I hate to be the last person to break it to you, but…it looks like summer’s over. The days are getting shorter and colder, the New England leaves are turning, and Halloween and Samhain are right around the corner. Break out the sweaters, scarves, jeans, and boots, and while you’re at it, here are four classics that go great with a mug full of chaider (that’s chai + cider; CHAI-DER).
Happy reading! - e.v.
The Death of Ivan Ilych by Leo Tolstoy
Tolstoy gives away the ending at the very beginning (spoiler alert: Ivan Ilych dies), but Tolstoy’s writing grabs you; it reels you in ’til the last syllable. The mystery of the character’s illness and the question of what happens when he faces his inevitable death keeps you hanging onto every word. Not until the character accepts this inevitability does he think about the suffering he caused for others in what he recalls as an unfulfilled life, one in which he did everything that his family, friends, and society told him he should do. It was a heavy story, and a beautiful read.* Check out this edition published by Melville House in Brooklyn, which prints a series called The Art of the Novella.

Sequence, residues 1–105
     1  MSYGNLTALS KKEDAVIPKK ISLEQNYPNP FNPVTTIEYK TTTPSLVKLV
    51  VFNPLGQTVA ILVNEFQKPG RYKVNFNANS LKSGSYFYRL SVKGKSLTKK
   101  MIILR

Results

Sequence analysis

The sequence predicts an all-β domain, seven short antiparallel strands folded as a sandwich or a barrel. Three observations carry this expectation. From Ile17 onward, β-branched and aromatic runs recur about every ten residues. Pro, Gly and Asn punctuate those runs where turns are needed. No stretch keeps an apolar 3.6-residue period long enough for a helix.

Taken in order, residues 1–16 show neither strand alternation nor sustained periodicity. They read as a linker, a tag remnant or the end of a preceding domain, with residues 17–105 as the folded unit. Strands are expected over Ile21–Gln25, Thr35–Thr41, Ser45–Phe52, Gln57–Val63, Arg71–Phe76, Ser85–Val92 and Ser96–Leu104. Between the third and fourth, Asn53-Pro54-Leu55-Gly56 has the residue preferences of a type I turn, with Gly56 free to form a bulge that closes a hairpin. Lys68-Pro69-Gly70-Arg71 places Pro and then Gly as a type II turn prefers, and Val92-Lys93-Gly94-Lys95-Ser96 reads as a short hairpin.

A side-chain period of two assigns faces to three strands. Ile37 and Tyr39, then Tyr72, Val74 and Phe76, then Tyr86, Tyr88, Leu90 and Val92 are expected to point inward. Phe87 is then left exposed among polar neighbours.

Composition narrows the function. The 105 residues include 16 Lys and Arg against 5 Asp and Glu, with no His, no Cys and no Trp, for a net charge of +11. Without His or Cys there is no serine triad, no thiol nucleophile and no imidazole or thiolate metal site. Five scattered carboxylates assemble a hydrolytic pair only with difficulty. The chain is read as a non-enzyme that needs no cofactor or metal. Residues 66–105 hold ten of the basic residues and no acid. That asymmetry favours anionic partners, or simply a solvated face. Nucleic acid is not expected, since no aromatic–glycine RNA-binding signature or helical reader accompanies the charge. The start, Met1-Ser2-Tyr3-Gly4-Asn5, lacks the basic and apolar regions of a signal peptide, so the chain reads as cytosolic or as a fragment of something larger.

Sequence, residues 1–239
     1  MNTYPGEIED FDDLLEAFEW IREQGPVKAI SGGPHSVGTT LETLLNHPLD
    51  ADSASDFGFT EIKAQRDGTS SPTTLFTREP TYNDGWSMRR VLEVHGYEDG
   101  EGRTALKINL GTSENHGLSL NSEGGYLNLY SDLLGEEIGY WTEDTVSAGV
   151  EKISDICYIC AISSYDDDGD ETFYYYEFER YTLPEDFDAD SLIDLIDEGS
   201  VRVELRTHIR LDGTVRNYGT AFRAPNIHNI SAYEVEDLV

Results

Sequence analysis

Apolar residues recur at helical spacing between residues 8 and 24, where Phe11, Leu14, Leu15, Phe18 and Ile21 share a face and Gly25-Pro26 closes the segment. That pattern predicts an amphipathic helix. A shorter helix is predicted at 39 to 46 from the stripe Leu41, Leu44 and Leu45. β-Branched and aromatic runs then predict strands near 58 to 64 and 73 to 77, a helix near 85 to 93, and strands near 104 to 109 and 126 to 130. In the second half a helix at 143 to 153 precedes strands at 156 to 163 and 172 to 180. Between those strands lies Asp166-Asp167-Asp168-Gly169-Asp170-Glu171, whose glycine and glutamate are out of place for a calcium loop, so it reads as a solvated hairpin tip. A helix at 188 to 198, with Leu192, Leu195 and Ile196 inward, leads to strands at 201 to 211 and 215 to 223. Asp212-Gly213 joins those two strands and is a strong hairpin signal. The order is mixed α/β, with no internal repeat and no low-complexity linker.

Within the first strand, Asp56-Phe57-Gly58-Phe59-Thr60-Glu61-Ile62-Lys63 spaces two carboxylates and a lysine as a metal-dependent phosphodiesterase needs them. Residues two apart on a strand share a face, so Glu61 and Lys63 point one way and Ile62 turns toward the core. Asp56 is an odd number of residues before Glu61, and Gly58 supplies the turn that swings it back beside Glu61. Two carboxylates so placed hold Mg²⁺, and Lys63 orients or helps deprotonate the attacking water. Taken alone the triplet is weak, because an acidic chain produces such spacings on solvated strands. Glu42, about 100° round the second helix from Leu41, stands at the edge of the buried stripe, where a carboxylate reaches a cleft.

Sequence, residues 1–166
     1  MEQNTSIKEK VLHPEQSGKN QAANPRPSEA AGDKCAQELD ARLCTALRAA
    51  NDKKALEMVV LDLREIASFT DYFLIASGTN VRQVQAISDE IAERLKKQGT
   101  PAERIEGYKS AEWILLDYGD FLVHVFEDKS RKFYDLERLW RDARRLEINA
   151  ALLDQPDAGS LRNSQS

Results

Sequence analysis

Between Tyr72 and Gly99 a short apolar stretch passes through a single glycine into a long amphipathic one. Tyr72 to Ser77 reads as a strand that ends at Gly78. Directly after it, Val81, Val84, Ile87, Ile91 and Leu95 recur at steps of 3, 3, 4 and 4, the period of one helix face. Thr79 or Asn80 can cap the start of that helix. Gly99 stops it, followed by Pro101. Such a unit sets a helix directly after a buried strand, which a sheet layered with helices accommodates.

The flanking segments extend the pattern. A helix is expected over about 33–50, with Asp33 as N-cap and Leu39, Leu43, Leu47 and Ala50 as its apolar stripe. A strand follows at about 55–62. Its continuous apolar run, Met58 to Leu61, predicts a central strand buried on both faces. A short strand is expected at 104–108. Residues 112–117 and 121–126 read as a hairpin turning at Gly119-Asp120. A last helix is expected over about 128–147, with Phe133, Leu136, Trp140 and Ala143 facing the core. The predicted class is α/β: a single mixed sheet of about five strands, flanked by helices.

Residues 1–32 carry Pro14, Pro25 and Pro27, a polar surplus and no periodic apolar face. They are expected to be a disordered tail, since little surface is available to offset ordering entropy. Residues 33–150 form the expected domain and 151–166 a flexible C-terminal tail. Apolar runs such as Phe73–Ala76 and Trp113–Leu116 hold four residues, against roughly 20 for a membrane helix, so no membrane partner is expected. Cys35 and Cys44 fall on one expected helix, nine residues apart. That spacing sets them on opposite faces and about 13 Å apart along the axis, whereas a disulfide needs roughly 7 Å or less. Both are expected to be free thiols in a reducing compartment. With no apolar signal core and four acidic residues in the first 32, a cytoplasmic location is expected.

The Metamorphosis, The Penal Colony, and Other Stories by Franz Kafka
Maybe you’re like me, in that you recall reading “The Metamorphosis” in high school and thinking huh? Kafka’s tale of the traveling salesman turning into a giant bug is absurd. How the family reacts to the character’s state is the true metamorphosis of the story, while “The Hunger Artist” serves as an allegory for art, exploring asceticism, one man’s dying art form, success, and what it means to feel fulfilled with one’s work.*
As I Lay Dying by William Faulkner
Faulkner’s novel is written in fifty-nine segments and an astonishing fifteen different points of view, offering up conflicting and overlapping accounts when the matriarch of the Bundren family, Addie, passes away and the clan transports her body to a cemetery in another town.
A Good Man is Hard to Find: Ten Memorable Short Stories by Flannery O’Connor
They weren’t kidding when they titled this collection “memorable.” I found myself re-reading the first four short stories not long after I first read them; each one is rich and dense like a chocolate espresso layer cake with mocha mascarpone and buttercream frosting. Yeah, it’s that good. O’Connor doesn’t shy away from exposing the meanness and tragedy of life, shocking both the reader and the characters with jolting violence and hardship. The prose is exquisite, the dialogue reveals much about the character’s psychological states, but what I paid particular attention to were the descriptions of the surroundings, which were loaded with symbols. Early on in the collection, I realized something awful was going to occur at the end of each story, but I read and re-read them anyway.
*Both Tolstoy and Kafka were brought to mind when I read this article on the Huffington Post today: Are You Living Your Eulogy or Your Resume?